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A dance with data

Yesterday, Google reminded me that I had a half hour left on my shift.

Along with this it showed me a map highlighting my current location, my destination and my route of choice for getting there – complete with up-to-date traffic information so I could see how long the journey might take.

The thing was, I had never told Google any of this information – nor did I ask for a reminder of my clocking-off time.

I’ve never told Google my work hours, I’ve never told it where I work, I’ve never told it where I live and I’ve never told it my route between those two locations.

That is to say that I’ve never actively told it any of this.

What I have done, however, is switch to an Android phone for a few weeks while my iPhone is out of action.

During the set-up process I casually activated the Google Now feature, and thought no more about it until yesterday’s information.

However in doing so, I had given Google permission to monitor pretty much everything I did with the phone and present me with information based on what it “learned”.

With that in mind I can only assume that – via the GPS on my phone – Google had noticed me moving between these two locations every day of the week – generally at the same times – and “learned” that this was where I work and when I tend to finish up.

There’s no other way it could have figured it out, from what I can think – I don’t put my hours into Google Calendar, nor do I have them detailed in Gmail.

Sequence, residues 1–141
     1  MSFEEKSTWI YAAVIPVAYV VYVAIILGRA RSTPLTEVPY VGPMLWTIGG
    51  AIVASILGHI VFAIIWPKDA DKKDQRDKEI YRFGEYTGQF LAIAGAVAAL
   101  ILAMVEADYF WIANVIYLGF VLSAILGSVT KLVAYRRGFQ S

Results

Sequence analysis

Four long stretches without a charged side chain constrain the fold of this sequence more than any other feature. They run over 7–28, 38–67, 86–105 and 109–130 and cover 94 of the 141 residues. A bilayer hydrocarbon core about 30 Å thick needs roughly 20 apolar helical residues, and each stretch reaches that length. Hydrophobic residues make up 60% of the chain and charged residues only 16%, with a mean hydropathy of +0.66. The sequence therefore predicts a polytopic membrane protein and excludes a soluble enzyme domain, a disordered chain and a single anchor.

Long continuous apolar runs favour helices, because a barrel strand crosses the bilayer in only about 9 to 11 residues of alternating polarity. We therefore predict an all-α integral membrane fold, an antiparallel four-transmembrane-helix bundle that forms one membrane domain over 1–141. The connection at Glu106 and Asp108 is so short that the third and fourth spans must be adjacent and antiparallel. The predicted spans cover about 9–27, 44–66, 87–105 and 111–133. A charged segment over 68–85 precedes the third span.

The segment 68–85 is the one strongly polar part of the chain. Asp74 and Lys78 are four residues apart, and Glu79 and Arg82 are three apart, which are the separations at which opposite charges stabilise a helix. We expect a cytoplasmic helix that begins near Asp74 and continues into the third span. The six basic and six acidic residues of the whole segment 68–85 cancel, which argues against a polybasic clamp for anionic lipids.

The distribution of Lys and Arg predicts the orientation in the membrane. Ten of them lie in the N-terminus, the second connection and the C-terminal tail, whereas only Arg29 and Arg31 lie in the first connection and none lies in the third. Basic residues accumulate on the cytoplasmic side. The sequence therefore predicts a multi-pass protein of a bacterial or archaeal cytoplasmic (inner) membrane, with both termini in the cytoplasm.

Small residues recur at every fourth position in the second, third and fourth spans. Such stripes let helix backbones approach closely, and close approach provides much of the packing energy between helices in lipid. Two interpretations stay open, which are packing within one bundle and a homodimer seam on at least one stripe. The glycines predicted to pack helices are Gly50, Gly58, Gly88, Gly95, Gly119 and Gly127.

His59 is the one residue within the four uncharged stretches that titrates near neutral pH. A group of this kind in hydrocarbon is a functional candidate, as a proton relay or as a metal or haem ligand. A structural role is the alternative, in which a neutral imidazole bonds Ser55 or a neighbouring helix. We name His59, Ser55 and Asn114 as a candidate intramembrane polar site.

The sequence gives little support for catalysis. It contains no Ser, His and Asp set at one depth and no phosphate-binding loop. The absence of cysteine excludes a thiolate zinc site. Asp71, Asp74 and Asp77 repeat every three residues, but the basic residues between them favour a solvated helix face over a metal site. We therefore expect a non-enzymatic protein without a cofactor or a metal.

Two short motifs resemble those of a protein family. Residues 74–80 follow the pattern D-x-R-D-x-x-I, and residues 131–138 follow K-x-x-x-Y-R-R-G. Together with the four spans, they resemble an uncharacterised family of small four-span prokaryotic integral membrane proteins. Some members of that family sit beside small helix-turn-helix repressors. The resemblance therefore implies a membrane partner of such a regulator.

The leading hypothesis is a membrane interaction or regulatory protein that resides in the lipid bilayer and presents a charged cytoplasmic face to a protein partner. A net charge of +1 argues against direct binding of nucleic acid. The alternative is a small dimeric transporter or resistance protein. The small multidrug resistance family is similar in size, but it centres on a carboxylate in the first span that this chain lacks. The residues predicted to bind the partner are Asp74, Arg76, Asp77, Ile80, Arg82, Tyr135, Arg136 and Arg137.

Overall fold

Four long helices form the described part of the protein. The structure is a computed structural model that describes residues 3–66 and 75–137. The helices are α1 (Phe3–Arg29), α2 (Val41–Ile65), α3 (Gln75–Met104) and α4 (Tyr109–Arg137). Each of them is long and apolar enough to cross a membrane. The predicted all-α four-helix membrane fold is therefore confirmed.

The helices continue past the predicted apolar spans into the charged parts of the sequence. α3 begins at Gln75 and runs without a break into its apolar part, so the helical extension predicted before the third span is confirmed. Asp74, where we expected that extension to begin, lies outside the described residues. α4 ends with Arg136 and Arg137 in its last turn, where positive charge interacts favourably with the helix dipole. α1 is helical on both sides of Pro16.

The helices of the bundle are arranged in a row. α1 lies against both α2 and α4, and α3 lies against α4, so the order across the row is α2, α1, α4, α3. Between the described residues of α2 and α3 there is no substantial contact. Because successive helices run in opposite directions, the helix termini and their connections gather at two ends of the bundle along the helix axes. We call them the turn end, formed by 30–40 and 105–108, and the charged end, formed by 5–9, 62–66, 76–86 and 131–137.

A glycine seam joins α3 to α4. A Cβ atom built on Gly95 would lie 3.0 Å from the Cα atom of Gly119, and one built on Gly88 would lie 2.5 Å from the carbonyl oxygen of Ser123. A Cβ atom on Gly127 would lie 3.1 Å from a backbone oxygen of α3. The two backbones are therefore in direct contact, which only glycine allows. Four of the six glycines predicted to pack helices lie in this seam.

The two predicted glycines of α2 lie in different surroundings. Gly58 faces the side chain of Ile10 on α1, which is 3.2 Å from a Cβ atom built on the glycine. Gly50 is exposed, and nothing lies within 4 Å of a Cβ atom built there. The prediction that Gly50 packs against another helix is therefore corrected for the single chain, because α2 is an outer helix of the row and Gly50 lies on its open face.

This bit of knowledge was almost certainly based on my movements alone.

I should say that this post isn’t necessarily here to bemoan the menacing hand of modern technology – I had to activate Google Now and should have known better than to be surprised by this result.

However, Google’s prompt has made me better appreciate the trail of information we passively leave behind us every day; well in excess of the obvious flash-points of public Facebook data and the Twitter feed.

It also made me better appreciate just how sophisticated computers are becoming at interpreting data and making fairly-accurate assumptions from there.

After my brush with Google Now’s cognitive reasoning I was about to turn the feature off to avoid a repeat performance, but I’ve since decided to leave it on – for now at least.

I currently using Google’s phone OS (until the iPhone is resurrected, at least), its mail and chat client, its search engine, its mapping software and (in work) its web browser.

I’m equal parts intrigued and terrified to learn what else it figures out about me.

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